Happy Easter everyone. I hope you’ve all had a lovely long weekend and indulged in way too much chocolate, amazing books and great company.

In the Romance, Erotic or Romantic Suspense category for March 2021, we had a total of twenty-eight  (28) reviews submitted across twenty-seven (27) individual book titles written by twenty-five (25) amazing Australian Women Writers. These reviews were submitted by eleven (11) individuals reviewers over the course of March. Thank you once more to everyone who read, reviewed and linked their reviews to the Australian Women Writer’s Database throughout March.

Monthly Snapshot

Of the twenty-seven(27) books reviewed in March, Twenty-five (25) of them were traditionally published and two (2) were self-published Twelve (12) of these books were published in 2021, seven (7) in 2020, two (2) in 2019 and 2016 respectfully, three (3) in 2018 and one (1) in 2015. Contemporary Romance was our most popular subgenre this month, with eight (8) individual titles reviewed, this was closely followed by Historical Romance with six (6) reviews, Rural Romance with five (5) reviews, Romantic Suspense with four (4) books reviewed, Literary and Category Romance both with two (2) books reviewed.

March’s top reviewed books was Malicious Desire by Laney Kaye, with both Helen Sibbrit and KTBookBingo reviewing the book favourtably.

This was also our only book this month to return more than one review per title.

March’s top review contributors this month were:

Review Highlights

Malicious Desire by Laney Kaye was reviewed by KtBookBingo and Helen Sibbritt. Helen Sibbritt thought it to be “a compelling story and not for the faint hearted” as it packed “an emotional punch” and KtBookBingo agrees:

I liked the plot with the contrasts between the terror of the abduction, the relief of the rescue, the stress and guilt of the of the aftermath, the uncertainty of justice and the anxiousness of waiting for the kidnapper on the loose; with the undercurrent of lust and romance… The characters made the book for me …”Malicious Desire is certainly not something I’d usually read; especially given that it’s a romance suspense, but I’m glad I did. There’s a lot of grit and the suspense side balanced out the romance for me, making it a great read that I recommend. — KtBookBingo via Instagram

Jo @ Booklover Book Reviews reviewed The Last Bookshop by Emma Young. I urge you if you get the chance to visit Jo’s blog and read her review, as its beautifully written and sells this book so well. Having read her review, I’ve bumped this book up on my own TBR and eagerly am looking forward to diving in to it!

This unassuming new release is something special. Much like the fictional bookstore this story revolves around and the characters to be found within it, The Last Bookshop is not slick and highly stylized. It has far more substance than that. At its beating heart shines a quiet perceptiveness, a gentle honesty and authenticity, that really struck a chord with me. And, I suspect all book lovers will feel similarly.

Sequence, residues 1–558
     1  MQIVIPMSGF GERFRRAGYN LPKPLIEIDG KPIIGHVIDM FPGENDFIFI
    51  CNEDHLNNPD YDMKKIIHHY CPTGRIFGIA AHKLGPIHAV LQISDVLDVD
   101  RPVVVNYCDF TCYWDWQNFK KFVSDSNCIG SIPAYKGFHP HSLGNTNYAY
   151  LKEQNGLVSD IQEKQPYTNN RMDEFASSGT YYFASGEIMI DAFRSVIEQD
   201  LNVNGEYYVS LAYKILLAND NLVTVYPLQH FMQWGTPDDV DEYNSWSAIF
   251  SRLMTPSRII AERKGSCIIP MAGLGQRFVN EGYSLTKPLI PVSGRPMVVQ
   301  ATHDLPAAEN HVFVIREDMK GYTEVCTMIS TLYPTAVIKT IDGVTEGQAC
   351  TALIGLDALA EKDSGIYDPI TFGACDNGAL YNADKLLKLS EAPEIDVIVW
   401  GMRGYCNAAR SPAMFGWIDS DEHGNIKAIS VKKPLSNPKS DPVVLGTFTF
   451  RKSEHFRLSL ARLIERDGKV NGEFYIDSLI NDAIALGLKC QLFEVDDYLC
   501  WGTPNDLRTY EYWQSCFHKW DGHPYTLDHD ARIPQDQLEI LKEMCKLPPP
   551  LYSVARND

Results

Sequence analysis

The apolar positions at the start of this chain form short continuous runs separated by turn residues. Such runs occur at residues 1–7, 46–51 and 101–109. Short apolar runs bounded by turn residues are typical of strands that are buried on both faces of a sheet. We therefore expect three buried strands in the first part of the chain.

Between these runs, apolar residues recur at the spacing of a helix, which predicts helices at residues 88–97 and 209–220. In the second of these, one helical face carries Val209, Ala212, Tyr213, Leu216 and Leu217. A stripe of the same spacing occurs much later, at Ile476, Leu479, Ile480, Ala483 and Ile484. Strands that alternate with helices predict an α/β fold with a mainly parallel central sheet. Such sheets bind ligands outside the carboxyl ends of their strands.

Yes, The Last Bookshop is a celebration of books, those who write them and those who read them; even the beauty of the physical objects themselves. Bookworms will delight in all the bookish banter between Cait and her band of quirky regular customers… everything from vampire YA, to new genre crime thrillers to The Chronicles of Narnia gets a mention. But in this quietly confident debut, Emma Young’s resonant theme of ‘not judging a book by its cover’ runs far deeper.

Several broader societal issues like the value of diversity, inclusivity and shared cultural experiences, the need to support the public amenities and local businesses that cultivate community spirit and connectedness, and the positive role technology can play in helping those physically isolated feel much less so, are highlighted. —Jo @ Booklover Book Reviews


Theresa Smith Writes reviewed The Breaking by Irma Gold in March and although she warns that the book was “not easy reading” due to the multiple scenes of animal cruelty this book is highlighting, her review is glowing full of praise for the “exciting new voice” in “Australian Literature”.  Theresa Smith had this to say about the novel:

Irma Gold’s debut novel, The Breaking, is an impactful work of eco-literature with a sub-plot of angst-filled queer romance. It has broad appeal and has an urgency to its narrative style that matches the gravity of the eco themes it deals with. — Theresa Smith Writes


Kick the Dust by Rhonada Forrest was one of many returning titles to to be reviewed in March. Although this book has featured in previous wrap ups before, I wanted to share a bit of Ktbookbingo’s review here quickly once more as this book a lot of big topics that the world is talking at large about still in 2021:

It has themes of mental health, death, widowed parents, toxic relationships, workplace harassment and bullying, entrapment, refugees, racism and vindictive ex partners to name but a few. That’s not to say that it’s all doom and gloom, it’s not. Rather, it’s like a glorious melting plot of themes that do need to be talked about more; mixed with the joys of friendship, close family, love, acceptance, inclusion and a happy ever after. It’s this melting pot that makes the plot so engaging and enjoyable — Ktbookbingo via instagram



About Me: Hey, I’m Jess from The Never Ending Bookshelf. I’m an avid reader, book collector (sometimes book hoarder) and a hopeless romantic. I live and breathe everything to do with the written word, working by day as a bookseller and by night as a book blogger. You can find me at The Never Ending Bookshelf, Instagram, Twitter, Goodreads and on Facebook.